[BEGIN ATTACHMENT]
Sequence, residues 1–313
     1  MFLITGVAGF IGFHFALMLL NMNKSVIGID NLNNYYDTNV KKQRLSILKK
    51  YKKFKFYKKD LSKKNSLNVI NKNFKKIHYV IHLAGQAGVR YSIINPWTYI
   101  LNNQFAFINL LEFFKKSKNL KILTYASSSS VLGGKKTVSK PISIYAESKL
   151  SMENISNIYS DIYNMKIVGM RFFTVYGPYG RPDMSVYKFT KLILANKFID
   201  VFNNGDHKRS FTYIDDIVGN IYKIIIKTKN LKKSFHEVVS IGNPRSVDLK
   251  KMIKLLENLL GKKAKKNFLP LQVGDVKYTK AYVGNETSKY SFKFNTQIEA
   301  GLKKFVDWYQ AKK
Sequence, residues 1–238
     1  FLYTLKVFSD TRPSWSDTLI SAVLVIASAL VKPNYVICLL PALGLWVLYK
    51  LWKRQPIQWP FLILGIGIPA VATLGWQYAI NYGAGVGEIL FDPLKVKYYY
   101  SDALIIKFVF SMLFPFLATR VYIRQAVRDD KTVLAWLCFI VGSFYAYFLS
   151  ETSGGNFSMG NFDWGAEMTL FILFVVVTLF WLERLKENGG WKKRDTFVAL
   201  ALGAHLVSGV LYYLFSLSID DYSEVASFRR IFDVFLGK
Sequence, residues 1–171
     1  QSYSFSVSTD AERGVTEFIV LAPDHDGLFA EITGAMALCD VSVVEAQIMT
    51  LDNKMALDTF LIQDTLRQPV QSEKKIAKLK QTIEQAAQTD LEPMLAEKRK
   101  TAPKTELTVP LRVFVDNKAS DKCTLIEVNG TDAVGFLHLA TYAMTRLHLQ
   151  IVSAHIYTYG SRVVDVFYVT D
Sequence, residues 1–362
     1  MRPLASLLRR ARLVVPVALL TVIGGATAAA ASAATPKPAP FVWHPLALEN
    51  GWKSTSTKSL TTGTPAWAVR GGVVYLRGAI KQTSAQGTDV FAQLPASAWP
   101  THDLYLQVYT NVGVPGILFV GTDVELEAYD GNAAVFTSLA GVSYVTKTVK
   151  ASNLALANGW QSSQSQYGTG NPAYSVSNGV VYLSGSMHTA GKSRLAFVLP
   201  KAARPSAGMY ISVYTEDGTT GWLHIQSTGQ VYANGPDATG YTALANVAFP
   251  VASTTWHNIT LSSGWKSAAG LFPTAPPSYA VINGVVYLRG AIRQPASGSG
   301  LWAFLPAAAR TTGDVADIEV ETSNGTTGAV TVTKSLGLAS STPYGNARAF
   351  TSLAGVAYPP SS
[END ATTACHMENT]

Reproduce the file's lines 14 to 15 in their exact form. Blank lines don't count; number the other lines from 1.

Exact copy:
   201  ALGAHLVSGV LYYLFSLSID DYSEVASFRR IFDVFLGK
Sequence, residues 1–171